It is worth considering how KRBS got into this situation.  The transfer document helpfully gives us some clues.  In each of the years ending September 2006 and 2007 it reported strong profits – £5.9m pre tax in 2006 and £5.7m before tax in 2007.  Serious problems began in 2008.  While the society recorded a pre-tax profit of £14.1m, it also reported impairments on its loans of £4.1m.  In 2009, net profit fell to £3.8m, while impairments remained high at £3.6m.  In the first seven months of the 2010 year, net interest income was reported as negative – because the continuing interest environment was hitting income badly – and there was pre-tax loss of £4.7m. 


Given the comments in the transfer document about the society’s commercial loan book, we can no doubt expect further impairments to be reported in future years.  Significantly, the society’s accounts also show a much increased exposure to derivatised securities, which are not performing well.  Gross capital is now just 5.54%, which is insufficient for the society to offer much in the way of new mortgage lending.  The society expects to continue in loss making territory for the foreseeable future and unable to build up its capital position as is required by regulators.


If the new deal goes ahead, it is assumed that One Savings Bank will become the vehicle of the rationalisation and effective demutualisation of a range of other financial institutions.  Those in the line of sight may include the nationalised bank Northern Rock, the Irish nationalised former building society EBS (which is also the target of another private equity firm) and the Skipton, West Bromwich, Norwich & Peterborough and Principality Building Societies.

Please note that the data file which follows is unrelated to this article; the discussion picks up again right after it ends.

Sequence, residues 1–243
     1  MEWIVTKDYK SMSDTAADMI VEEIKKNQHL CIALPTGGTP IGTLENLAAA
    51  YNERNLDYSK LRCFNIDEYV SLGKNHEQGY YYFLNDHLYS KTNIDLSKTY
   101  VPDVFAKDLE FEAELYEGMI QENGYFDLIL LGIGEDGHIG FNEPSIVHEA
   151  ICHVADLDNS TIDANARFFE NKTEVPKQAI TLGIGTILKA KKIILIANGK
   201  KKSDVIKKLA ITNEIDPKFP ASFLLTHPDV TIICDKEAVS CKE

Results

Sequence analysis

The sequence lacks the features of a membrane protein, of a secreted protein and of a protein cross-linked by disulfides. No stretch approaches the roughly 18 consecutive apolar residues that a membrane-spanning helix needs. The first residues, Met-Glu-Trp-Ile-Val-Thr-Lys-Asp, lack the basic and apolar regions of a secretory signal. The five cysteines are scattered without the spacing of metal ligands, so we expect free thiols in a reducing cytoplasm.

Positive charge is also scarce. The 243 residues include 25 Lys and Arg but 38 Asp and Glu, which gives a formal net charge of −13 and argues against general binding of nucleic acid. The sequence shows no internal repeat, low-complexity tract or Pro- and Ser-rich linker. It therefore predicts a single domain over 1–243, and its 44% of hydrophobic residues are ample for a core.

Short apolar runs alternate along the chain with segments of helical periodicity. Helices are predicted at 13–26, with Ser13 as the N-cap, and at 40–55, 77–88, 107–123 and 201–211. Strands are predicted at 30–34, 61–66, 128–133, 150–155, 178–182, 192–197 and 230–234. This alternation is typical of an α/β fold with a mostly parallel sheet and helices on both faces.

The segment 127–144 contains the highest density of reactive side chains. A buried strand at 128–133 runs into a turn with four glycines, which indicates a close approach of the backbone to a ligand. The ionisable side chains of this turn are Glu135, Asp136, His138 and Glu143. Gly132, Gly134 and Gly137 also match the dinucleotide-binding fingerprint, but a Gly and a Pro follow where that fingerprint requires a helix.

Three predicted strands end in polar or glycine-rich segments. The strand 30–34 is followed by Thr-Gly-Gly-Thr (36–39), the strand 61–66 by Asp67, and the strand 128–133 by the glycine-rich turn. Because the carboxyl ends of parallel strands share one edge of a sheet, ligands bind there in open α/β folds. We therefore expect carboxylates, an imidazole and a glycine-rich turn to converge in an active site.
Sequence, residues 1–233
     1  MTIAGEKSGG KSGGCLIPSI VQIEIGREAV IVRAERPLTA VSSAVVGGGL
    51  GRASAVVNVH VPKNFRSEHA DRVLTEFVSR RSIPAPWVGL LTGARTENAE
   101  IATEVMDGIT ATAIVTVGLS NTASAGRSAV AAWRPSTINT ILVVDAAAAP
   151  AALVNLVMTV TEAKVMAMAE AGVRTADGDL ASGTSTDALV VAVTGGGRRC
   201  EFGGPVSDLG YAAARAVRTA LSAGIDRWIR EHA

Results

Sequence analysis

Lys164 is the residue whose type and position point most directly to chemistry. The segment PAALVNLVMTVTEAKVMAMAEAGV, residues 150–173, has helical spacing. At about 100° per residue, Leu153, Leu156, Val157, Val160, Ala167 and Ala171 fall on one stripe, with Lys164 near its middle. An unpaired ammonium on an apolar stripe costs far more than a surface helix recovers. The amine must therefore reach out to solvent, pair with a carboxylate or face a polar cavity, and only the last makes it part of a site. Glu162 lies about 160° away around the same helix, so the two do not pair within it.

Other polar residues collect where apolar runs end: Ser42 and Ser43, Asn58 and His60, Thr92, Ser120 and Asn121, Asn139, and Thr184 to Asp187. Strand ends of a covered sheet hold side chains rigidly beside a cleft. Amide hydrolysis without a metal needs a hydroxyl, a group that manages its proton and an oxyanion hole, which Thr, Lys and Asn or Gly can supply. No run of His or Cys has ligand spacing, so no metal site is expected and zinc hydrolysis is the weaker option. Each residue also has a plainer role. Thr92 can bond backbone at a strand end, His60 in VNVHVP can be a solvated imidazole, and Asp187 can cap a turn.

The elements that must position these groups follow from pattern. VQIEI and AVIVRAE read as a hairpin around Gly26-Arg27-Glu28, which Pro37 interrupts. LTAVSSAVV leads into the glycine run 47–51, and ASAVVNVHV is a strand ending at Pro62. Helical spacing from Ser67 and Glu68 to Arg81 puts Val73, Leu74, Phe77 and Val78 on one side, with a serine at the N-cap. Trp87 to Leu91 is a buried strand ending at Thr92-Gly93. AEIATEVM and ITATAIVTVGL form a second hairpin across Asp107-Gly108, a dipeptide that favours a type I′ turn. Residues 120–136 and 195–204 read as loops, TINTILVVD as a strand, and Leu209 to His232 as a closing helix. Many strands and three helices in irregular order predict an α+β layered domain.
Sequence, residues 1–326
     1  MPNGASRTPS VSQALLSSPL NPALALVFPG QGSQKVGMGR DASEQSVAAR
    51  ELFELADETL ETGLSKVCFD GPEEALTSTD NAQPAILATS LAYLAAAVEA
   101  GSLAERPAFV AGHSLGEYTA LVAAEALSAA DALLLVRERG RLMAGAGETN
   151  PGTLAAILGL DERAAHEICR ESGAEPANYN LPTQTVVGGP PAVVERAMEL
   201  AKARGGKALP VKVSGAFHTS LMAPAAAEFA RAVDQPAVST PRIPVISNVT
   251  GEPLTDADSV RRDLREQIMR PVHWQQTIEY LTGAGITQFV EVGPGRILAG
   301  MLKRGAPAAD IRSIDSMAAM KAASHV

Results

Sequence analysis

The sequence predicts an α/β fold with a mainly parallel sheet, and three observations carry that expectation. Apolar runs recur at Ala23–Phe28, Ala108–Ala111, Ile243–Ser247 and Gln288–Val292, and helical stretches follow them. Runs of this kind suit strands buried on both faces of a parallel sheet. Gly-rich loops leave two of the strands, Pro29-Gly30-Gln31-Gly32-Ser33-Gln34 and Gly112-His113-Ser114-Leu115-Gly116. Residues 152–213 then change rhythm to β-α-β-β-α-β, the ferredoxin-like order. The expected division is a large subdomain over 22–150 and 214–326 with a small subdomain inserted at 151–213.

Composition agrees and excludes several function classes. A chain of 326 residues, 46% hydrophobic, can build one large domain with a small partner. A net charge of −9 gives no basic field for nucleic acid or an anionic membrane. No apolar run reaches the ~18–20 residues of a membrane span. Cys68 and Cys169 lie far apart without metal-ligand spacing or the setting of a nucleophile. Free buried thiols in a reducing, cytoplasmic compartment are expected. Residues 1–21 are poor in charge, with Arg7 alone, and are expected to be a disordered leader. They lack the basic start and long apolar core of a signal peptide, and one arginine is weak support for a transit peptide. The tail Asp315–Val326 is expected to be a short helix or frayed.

There are two main drivers for this possible rationalisation and restructuring.  One is obviously the desire of JC Flowers to enter the banking market and to unlock residual ‘value’ from building societies.  The second is on the part of the societies (which, other than KRBS, may not be interested in any offers) that need injections of capital to meet new regulatory obligations and to improve economies of scale.


That second objective could have been achieved without the involvement of a private equity house and its rapacious desire for super-profits.  Economies of scale have already been achieved by some small building societies through merging back office functions.  There was, and still is, scope for further rationalisation to improve efficiencies, without diluting ownership independence.  Similarly, societies could come together to create pooled reserves, to meet capital adequacy requirements without losing their mutual status.  Alas, it seems as if this option is not being properly considered and investigated.  It is not even mentioned in the KRBS transfer document.


Instead, we have the prospect of JC Flowers taking over much of what is left of the mutual sector.  And, to add salt into the wound, committing itself to co-operative principles while doing so.  “The bank’s articles of association will provide that its core purpose is to provide a range of financial services to members of KRPS and other customers in support of its co-operative principles,” says the proposal.


That glib statement may be sufficient to persuade regulators and those KRBS members who have little knowledge of how a building society or other mutual should work.  But it leaves me deeply unhappy and I cannot believe it will satisfy many members of the News.